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The Editors Mailbox

This mitered box is perfect for...what?

comments (2) April 20th, 2011 in blogs

sscott Stephen Scott, associate editor
thumbs up 1 user recommends

Im happy with the way the miters came together for this box. A pair of tablesaw sleds - one for the miters, another for the key slots - helped me cut the joinery. And yes - I only cut the keys into one corner.
This surface needs some cleaning up, and the glue line seems slightly heavy, but Im encouraged by the results.
Im happy with the way the miters came together for this box. A pair of tablesaw sleds - one for the miters, another for the key slots - helped me cut the joinery. And yes - I only cut the keys into one corner. - CLICK TO ENLARGE

I'm happy with the way the miters came together for this box. A pair of tablesaw sleds - one for the miters, another for the key slots - helped me cut the joinery. And yes - I only cut the keys into one corner.

Photo: Steve Scott

Need your help figuring out to do with this small box, which I made from scrap pine in my shop last week. It has no lid, and the interior dimensions are 4 1/4 in. by 1 7/8 in. by 2 3/8 in. deep. This make it useful for...what exactly? I thought it might make a nice tabletop caddy for small salt and pepper shakers, but I'm not completely sold on that idea, and I'm open to suggestions. So please fire away.

I didn't really have a use in mind when I made the box. I just wanted to practice my miters for the flag case that I wrote about recently. To help make sure the mitered ends are cut squarely, I made a dedicated miter sled for my tablesaw like the one recommended by Gary Rogowski in issue #162. It made a huge difference for me in getting miters that mate fully over their entire length.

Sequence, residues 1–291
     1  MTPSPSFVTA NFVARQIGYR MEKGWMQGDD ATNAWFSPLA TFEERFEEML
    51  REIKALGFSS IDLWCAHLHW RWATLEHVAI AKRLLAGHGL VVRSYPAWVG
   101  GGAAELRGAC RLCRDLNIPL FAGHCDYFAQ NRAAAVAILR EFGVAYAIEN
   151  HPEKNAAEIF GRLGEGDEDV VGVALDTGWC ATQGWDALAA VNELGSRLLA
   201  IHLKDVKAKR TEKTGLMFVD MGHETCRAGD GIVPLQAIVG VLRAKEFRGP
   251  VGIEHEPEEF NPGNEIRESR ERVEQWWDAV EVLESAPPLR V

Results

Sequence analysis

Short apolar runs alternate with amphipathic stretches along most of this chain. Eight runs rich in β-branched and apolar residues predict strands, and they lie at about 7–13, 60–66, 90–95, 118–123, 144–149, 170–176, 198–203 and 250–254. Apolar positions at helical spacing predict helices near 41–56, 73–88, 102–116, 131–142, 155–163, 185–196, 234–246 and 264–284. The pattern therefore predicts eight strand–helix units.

I also experimented with using keys from the same stock, for a low-contrast look. I want to use a keyed miter at the top of the flag case, but I don't want it to be too showy. I'm afraid the pine-on-pine look turned out a little too low-contrast, though.

I also discovered, the hard way, that it's best to plane away from the corners when trimming those keys flush. Otherwise they tend to chip out a bit at the very corners. That's something I'd have known ahead of time if I'd read Rogowski a little more closely.

Anyway, soon enough I'll stop practicing and find some nice cherry to make that case. Until then, thanks for reading!

 



posted in: blogs, box


Comments (2)

sscott sscott writes: Pascal,

I think you might be onto something there. It's funny, because I've been tossing pens into it while it sits here on my desk, but they don't know whether to lie down or stand up, and the whole affair winds up looking a little sloppy. Your idea is a touch of class - thanks!

Posted: 8:13 am on April 21st

pluttger pluttger writes: He Steven,

Got a solution for you... Take a piece of ebony or other dark wood you have lying around, make a couple of slanted (3%- 5%) holes in it with a slight taper coinciding with your nicest pens (or turn a couple from the same wood) and you have a piece that will be discussed each time someone comes into your office... Did you make that will be the most asked question and it wil remind you of your labours outside of you editors office or cubicle.

Cheerio..

Pascal
Posted: 1:35 pm on April 20th

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